It’s incredible how this stupid monster slasher tries to pass itself off as a work of intelligent sci-fi and fails so terribly. A lot of that has to do with the slower moments, in which the cast has to lean on pretentious line delivery to provide the illusion of thematic depth where none exists. I can kinda sorta see how the film works as a “Frankenstein” allegory about the dangers of science, the hubris of mankind, the risks involved in new discoveries, and so on. But all of that was done far better in millions of other stories, and why would we even be talking about that when the film is trying to imitate other movies that encourage scientific endeavors?

Yet the movie does show some shred of genuine passion for real-life science. This is mostly conveyed early on, as our cast is shown taking questions from grade-school kids over Skype. Granted, it says a lot about the filmmakers, how they feel the need to explain the ISS and space travel in terms that are literally simple enough for a child to understand. Additionally, when the filmmakers talk about the ISS like a huge technological marvel right before they wantonly destroy it for our enjoyment of collateral damage, that doesn’t exactly come off as the most sincere statement.

So if this doesn’t work as an intelligent and inspirational movie about science, does it work as a monster horror film at least? Well, the creature does admittedly look pretty cool, and there are a couple of pretty gruesome kills. The problem is the kills aren’t bloody enough, inventive enough, frequent enough, shocking enough, or fun enough to work as the hook for a movie. Moreover, none of the characters were so actively horrible that I got any enjoyment out of watching them die.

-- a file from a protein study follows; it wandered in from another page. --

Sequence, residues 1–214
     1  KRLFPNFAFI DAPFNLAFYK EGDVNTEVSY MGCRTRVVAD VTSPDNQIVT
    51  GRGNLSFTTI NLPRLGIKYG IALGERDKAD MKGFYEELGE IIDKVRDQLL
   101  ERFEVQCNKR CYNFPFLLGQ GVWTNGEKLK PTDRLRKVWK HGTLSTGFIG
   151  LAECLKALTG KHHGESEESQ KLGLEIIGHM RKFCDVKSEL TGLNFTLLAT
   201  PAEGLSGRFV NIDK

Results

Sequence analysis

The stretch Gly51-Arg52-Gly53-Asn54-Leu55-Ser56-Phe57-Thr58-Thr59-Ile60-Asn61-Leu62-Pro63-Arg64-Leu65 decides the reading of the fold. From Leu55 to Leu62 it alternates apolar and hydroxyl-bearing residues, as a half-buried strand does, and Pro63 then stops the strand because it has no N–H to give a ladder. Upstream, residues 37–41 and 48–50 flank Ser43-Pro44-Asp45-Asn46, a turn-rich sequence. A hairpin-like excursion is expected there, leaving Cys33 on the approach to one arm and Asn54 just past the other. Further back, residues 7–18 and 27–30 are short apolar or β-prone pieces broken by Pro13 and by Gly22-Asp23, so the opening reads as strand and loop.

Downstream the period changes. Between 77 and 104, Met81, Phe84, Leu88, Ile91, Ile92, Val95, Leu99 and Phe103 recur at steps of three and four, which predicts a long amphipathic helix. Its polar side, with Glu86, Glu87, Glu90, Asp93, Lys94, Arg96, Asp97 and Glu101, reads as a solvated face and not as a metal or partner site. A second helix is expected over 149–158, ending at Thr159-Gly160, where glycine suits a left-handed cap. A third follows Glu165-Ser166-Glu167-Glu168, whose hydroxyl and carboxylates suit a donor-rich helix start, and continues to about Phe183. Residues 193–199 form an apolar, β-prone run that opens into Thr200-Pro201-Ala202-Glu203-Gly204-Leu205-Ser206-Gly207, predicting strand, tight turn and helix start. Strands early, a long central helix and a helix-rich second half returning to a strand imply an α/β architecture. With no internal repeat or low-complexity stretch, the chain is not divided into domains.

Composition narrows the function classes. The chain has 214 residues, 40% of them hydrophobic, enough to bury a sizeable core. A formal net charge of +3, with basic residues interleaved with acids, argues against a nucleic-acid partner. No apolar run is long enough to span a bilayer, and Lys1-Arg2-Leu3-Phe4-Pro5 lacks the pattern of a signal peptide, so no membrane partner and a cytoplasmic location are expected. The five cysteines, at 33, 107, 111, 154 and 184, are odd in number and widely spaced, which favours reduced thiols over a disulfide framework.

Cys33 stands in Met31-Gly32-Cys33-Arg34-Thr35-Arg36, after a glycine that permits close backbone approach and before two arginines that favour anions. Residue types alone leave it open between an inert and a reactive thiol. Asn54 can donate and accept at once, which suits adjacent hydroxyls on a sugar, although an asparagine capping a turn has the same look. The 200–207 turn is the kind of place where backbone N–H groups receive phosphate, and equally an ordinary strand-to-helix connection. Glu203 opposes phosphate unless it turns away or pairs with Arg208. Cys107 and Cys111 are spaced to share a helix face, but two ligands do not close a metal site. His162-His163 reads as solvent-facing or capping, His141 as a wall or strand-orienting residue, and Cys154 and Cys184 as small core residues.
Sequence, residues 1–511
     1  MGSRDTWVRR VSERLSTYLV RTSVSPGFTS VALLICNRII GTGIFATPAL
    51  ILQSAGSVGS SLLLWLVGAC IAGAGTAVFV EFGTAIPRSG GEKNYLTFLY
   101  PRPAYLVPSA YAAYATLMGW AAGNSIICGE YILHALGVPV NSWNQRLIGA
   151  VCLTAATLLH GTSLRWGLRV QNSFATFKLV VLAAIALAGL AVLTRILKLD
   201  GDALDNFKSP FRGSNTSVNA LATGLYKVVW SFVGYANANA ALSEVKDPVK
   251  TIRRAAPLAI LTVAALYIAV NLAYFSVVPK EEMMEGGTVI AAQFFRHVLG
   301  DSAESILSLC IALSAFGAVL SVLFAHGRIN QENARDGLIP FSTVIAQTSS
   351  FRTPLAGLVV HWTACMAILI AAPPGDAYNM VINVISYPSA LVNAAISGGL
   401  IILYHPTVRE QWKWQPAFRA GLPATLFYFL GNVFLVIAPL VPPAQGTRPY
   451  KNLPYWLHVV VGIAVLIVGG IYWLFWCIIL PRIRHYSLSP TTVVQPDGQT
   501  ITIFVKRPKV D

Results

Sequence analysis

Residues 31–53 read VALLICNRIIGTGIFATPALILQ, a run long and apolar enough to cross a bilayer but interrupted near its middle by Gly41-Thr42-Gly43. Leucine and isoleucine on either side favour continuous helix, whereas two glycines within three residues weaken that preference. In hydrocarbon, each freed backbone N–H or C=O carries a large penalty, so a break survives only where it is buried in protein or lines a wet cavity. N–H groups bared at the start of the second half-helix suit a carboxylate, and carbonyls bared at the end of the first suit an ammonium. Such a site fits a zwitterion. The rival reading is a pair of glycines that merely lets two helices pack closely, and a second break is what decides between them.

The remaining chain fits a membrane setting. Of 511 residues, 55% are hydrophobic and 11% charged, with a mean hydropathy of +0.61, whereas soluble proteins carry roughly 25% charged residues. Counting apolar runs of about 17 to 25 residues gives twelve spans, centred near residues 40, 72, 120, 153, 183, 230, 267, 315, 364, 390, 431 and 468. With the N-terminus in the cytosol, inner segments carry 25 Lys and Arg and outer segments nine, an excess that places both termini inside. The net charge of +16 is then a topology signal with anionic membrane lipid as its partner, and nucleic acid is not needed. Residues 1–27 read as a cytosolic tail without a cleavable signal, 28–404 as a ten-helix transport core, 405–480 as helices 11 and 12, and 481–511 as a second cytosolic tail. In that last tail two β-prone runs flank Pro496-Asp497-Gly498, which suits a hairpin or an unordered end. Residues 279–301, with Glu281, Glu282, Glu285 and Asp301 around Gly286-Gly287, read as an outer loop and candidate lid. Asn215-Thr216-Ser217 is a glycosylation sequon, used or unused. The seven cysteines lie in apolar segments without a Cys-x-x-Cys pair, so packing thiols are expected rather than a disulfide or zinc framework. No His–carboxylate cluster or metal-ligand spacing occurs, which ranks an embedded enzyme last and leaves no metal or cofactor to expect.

Quite the contrary, the characters are all so unremarkable and unsympathetic in such a way that I really didn’t care if any particular one made it out alive. Plus — as previously mentioned — we already know that the next character who actively decides to charge ahead will be the next one to die in a couple of minutes, so we know that the kill is coming. And even if the claustrophobic setting is a horror classic for a reason, the fact remains that it’s a horror classic we’ve seen a million times before, and being appropriately scared of something we’ve already seen a million times before is a tall order.

So basically, the scares are all so predictable and the victim pool is so unremarkable that the characters got killed off and I felt nothing. I was pleasantly surprised to see that one of the name actors was killed off so early, but that’s as shocked as I ever got.

Life is simply tedious. It’s too boring to work as a horror film, it’s too stupid to work as a work of intelligent sci-fi, and it’s too derivative to offer anything new. I think that this was meant to be a horror film (because only a horror film could get away with that “fuck you” ending), but somebody somewhere along the way decided “Let’s be like Gravity!” and the whole thing fell apart.

Everything this film attempts has been done by other, far superior movies; and I’d recommend any one of them over this.